Rejection Of Meeting Indoors Called Misunderstanding
September 14, 2005
By RACHEL GOTTLIEB, Courant Staff Writer
There were all the makings of a feisty meeting: a table and chairs
and a group of agitated North End activists. The only thing a
little off was the setting: the front yard of Milner Elementary
School at 8:30 a.m. Tuesday.
Members of the newly formed Milner Elementary School Community Board were
upset that school officials had banned the group from meeting in the parents'
lounge, and vowed to meet outside the school each Tuesday morning until
they were allowed inside.
As it turned out, the schoolyard meetings were quickly consigned
to history as officials relented and invited the activists to work from
inside the building.
The group, headed by former mayor Thirman Milner and Hattie Harris, chairwoman
of the Vine and Albany Task Force, wants to rally parents to work directly
with students by mediating disputes, tutoring and mentoring.
Milner school, now in its fifth year
under the federal label "Needs
Improvement" under the No Child Left Behind Act, has been plagued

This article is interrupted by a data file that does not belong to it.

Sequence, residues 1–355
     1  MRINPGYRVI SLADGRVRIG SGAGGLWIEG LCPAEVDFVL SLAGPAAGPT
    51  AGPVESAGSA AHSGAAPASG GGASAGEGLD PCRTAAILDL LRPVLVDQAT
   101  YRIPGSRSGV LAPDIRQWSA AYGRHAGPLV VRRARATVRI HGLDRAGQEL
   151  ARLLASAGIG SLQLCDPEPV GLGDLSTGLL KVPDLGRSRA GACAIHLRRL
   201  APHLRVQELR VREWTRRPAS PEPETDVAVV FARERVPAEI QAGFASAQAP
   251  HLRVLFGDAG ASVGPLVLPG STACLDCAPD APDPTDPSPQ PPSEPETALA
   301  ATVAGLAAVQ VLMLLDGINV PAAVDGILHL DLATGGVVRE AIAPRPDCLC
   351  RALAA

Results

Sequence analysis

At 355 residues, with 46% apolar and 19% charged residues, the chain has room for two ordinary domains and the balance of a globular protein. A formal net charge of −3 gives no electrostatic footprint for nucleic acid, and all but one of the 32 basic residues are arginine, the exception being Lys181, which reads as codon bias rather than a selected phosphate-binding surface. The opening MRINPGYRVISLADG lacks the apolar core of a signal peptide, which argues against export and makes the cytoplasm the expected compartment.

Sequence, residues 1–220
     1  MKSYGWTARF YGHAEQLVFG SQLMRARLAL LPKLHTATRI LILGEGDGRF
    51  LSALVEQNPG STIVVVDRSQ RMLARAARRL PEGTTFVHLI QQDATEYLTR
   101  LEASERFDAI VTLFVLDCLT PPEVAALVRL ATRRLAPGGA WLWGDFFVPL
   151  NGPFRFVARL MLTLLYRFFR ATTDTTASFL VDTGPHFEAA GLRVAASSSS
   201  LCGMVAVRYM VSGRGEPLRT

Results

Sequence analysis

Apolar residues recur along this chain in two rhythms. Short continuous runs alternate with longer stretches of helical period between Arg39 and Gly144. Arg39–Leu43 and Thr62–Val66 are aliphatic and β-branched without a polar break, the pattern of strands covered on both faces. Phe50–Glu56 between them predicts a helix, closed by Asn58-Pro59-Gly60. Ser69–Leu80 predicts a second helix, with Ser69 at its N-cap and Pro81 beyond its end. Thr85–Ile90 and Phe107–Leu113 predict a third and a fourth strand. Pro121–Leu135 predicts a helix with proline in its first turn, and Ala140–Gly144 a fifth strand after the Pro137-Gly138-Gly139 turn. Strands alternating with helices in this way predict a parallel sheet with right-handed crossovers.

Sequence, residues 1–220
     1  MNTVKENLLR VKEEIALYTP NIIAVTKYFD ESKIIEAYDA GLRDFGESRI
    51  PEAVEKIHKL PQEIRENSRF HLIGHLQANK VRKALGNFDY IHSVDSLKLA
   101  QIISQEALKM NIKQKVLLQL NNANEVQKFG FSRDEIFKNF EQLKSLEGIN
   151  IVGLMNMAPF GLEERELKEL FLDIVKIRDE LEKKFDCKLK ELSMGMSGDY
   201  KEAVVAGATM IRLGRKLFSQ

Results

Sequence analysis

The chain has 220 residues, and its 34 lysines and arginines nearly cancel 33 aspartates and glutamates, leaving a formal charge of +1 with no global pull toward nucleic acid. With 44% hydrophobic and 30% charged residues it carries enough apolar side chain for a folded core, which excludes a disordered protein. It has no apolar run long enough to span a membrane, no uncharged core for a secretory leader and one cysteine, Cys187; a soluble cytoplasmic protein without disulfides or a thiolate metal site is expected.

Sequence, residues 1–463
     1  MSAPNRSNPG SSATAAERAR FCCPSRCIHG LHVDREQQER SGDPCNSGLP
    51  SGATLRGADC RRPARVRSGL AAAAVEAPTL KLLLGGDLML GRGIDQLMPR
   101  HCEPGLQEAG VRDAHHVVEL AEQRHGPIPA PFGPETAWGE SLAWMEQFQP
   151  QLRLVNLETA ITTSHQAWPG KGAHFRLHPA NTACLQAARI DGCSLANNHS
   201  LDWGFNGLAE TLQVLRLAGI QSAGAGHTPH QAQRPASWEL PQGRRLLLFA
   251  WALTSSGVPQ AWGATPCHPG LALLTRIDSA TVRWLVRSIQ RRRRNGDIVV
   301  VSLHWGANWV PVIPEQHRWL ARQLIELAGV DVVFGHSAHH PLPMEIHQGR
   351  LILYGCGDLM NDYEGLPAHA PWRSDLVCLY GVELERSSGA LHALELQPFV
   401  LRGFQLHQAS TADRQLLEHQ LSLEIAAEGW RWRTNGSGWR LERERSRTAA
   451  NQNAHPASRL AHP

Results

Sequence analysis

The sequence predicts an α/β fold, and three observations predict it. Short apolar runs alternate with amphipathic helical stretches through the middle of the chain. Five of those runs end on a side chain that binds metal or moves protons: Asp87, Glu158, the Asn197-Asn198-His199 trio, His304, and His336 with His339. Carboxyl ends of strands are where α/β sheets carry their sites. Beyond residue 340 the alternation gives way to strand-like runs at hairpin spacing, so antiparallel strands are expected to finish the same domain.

for years by low test scores, poor student behavior and parental
When the schoolyard meeting opened Tuesday, Andrew Woods, who heads the
anti-violence community group Stump the Violence, said that the school's
new acting principal, Sheryle Jackson, had initially invited him and others
to establish a program at her school.
Superintendent of Schools Robert Henry
said Woods approached Jackson and asked to develop a program at the school. "We
spent an entire summer planning the school improvement plan for Milner.
We have an intervention plan for that school. "
The program was to be similar to one Woods operates inside Fox Middle
School, where Jackson worked as an assistant principal before her appointment
to Milner. Members of the group said that last week, at Jackson's invitation,
they met with her to discuss starting their program in the school.
But then they said that Jackson abruptly withdrew the invitation, saying
she had failed to follow the district's protocol for starting a new program.
The community activists weren't quite sure what that meant. But they had
no intention of backing off their plan to help the school.
Terry D'Italia, district spokesman, said the group's exclusion from the
school was the result of a misunderstanding. He later met with Milner,
Jackson and Harris and worked out an arrangement for the new group to meet
in the parents' lounge each Tuesday at 8:30 a.m.
The group will take its direction from
Jackson, Milner said. "We're
not looking to take over the school."
Reprinted with permission of the Hartford Courant.
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